Those who oppose big government would do better to concentrate their efforts on actually cutting spending. The idea that holding down taxes or insisting that we keep a ridiculously inefficient tax system because that will give us small government is juvenile. If people want small government, there are no shortcuts. Spending has to be cut. But if spending isn’t cut, then I believe that we must pay our bills. I think it’s better to do so as painlessly and efficiently as possible. That’s why I support a VAT.

And coincidentally (and to come full circle), Shawn Tully of Fortune very recently interviewed a drywall-hanging-while-on-August-recess Paul Ryan about the idea of a VAT:

I asked Ryan to handicap the probability of another legislative landmark that would forever change the course of the U.S. economy: The adoption of a European-style value-added tax, or VAT.

Right now the VAT appears so radical that it’s gained little support in Congress and isn’t even endorsed by the Obama administration. But Ryan told me that a VAT is far more likely than most Americans imagine. The reason isn’t the one that many experts are forecasting — that the Fiscal Commission appointed by President Obama will recommend the controversial levy. “I don’t believe the Commission will advocate a VAT,” Ryan told me, adding that he doesn’t speak for his fellow members.

On the contrary, Ryan fears another path to the VAT. “It cannot pass without a fiscal crisis,” he warns. “Our leaders are now courting one with big spending and by adding new entitlements. They know in the back of their minds that if a fiscal crisis comes, they can throw a VAT on top of that.”

Ryan concluded by saying that the economy now faces two layers of uncertainty — the threat of a debt debacle that’s already well known, and the added danger that the solution will be the heretofore unimaginable and largely unforeseen: a VAT. With that, the congressional carpenter signed off: “I’ve got to go back to hanging drywall.”

One way or another, I think some form of a VAT is inevitable, and that’s not a bad thing.  It’s probably one of the best forms of “exercise” we could get into right now.  It’s not something we would necessarily choose to do for the heck of it, if we didn’t need to “lose weight.”  But given that yes, we have to endure some “pain” to get some “gain” (uh, loss in this case), it’s better than the boring treadmill of just raising marginal tax rates, and certainly more effective than the “thighmaster” (while eating in front of the TV) Bush tax cuts.

8 Responses to ““Spinning” the VAT”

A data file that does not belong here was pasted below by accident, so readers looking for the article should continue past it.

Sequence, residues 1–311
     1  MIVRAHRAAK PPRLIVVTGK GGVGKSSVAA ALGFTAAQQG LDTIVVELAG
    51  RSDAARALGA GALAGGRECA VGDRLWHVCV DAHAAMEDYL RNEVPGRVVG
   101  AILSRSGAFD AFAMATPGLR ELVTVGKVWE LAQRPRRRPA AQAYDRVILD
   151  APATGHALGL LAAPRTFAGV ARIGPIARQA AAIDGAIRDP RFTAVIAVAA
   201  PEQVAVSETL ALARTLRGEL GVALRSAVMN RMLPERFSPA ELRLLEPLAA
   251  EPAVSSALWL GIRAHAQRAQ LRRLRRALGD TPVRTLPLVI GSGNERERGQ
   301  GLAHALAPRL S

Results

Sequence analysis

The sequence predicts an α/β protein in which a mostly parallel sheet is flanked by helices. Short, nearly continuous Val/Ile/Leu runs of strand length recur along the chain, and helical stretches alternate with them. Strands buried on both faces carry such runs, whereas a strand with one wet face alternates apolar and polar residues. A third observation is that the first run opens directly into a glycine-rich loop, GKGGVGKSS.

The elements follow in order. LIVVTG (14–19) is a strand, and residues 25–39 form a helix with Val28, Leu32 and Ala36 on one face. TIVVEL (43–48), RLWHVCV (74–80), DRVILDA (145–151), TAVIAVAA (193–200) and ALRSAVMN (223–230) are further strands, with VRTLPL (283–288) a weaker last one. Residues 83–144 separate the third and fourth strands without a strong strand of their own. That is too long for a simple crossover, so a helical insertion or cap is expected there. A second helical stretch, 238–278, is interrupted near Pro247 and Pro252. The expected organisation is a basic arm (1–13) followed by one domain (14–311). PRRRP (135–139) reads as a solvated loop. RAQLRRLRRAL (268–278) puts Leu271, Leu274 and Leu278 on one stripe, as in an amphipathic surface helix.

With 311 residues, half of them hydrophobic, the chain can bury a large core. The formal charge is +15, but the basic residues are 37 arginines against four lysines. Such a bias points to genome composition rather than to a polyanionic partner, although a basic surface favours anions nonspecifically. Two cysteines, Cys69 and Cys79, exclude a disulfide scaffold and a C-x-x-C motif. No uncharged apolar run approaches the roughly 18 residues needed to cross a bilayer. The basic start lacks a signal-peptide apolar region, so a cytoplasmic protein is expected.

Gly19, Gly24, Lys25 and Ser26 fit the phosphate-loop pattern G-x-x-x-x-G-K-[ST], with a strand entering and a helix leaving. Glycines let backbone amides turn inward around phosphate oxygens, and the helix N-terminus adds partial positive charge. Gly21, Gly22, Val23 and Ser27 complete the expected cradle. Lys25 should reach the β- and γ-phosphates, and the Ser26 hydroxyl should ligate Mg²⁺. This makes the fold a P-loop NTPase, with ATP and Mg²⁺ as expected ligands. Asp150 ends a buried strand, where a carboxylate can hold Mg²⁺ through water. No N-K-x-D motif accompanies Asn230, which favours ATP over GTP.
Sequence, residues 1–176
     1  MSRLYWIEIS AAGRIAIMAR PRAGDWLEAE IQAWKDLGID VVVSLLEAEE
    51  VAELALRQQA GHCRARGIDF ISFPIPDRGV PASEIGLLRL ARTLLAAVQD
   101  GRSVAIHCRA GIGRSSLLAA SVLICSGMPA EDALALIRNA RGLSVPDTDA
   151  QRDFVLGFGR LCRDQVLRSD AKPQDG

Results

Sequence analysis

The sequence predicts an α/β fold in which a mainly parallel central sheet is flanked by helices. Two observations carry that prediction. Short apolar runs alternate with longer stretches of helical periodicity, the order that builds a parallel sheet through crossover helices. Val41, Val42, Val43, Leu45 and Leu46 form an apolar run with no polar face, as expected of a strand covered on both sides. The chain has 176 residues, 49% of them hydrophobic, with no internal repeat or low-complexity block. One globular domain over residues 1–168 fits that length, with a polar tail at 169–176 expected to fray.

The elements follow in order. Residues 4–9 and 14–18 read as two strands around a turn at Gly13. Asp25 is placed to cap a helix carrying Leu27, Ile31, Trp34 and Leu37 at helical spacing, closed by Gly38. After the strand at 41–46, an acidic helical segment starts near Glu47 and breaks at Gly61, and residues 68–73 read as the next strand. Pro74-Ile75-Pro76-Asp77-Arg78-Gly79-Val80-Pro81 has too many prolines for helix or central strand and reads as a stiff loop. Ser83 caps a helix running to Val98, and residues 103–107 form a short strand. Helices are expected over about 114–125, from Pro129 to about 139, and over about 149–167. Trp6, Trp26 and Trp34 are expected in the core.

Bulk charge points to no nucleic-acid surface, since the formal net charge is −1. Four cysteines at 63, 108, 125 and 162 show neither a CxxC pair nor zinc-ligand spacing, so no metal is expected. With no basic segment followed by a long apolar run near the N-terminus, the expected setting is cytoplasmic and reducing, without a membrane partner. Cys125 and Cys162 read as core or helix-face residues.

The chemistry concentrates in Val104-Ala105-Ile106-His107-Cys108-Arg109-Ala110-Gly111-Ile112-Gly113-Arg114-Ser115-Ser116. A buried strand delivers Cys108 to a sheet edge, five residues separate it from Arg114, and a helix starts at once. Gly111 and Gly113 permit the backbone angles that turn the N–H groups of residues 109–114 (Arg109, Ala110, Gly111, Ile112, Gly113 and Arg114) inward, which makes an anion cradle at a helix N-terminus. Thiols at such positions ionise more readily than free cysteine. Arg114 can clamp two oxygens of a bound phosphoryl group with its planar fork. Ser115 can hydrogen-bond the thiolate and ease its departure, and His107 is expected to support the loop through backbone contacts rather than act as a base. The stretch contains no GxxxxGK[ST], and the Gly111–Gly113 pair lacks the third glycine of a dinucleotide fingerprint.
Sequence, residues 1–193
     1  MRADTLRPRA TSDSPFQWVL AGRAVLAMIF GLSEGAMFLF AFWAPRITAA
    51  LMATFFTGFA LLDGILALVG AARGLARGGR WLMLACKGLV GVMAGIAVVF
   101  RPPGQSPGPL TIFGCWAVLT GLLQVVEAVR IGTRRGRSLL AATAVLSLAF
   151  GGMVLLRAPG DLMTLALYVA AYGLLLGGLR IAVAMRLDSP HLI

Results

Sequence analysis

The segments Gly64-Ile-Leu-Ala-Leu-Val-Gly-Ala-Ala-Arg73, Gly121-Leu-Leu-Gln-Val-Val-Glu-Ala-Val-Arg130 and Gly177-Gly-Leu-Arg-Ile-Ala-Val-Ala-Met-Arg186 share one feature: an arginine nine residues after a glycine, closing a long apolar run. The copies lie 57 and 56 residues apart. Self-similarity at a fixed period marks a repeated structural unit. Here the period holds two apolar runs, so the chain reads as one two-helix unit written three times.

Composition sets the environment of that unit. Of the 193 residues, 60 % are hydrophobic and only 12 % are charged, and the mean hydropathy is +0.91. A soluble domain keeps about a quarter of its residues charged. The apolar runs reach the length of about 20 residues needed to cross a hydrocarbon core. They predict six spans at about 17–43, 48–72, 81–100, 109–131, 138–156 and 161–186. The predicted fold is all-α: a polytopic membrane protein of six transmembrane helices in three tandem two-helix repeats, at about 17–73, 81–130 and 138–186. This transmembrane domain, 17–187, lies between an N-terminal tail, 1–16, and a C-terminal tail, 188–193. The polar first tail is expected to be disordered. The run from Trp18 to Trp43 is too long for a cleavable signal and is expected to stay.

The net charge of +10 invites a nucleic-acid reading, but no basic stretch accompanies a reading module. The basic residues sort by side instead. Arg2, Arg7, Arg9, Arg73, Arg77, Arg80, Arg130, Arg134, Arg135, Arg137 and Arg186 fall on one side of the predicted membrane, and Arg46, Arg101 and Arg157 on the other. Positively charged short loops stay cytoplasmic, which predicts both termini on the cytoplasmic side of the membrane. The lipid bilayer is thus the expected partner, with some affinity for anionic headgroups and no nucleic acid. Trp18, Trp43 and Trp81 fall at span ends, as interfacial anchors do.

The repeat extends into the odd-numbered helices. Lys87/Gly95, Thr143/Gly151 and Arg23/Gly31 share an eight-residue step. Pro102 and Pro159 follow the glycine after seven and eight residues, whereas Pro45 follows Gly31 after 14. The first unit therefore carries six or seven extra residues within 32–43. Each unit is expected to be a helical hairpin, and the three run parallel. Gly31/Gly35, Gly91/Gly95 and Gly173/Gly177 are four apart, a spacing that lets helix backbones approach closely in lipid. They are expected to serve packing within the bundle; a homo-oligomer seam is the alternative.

1. comment number 1 by: BillSmith

    A VAT is just another way for Congress to show they can’t control their spending.

  2. comment number 2 by: AMTbuff

    Ryan is correct. The VAT will be enacted post-crisis. Hopefully also after huge and irreversible spending cuts that put government on a sustainable path.

    Ryan didn’t say it, but politicians like him have in the back of their mind that a crisis will provide the opportunity to radically cut back entitlement programs. Not because advocates of these programs will want this, but because the bond market will insist on it. Ryan’s plan is therefore an effort to put a radical cutback plan on the shelf for use in the crisis. Unfortunately for all of us, Ryan’s plan is not nearly fast-acting enough to satisfy the bond market. Something much harsher will be required.

    Second subject. The diet analogy is a little off. A more logical analogy would be economic growth = exercise, not taxes = exercise. Economic growth permits government spending, and taxes without economic growth will not.

    Third subject. The “critical social insurance programs” cannot include middle class entitlements. A system in which the middle class taxes itself to pay itself benefits through the government destroys economic value and is unsustainable. For these benefits to be sustainable, the number of recipients has to be limited to a relatively small minority of the population. Insurance against unlikely events is very workable. Insurance against simply getting old is not.

  3. comment number 3 by: Jim Glass

    Milton Friedman on video talks about “Director’s Law” , how the middle class exploits both the poor and the rich through government, while using as political cover the myth that govt is helping the poor at the cost of the rich.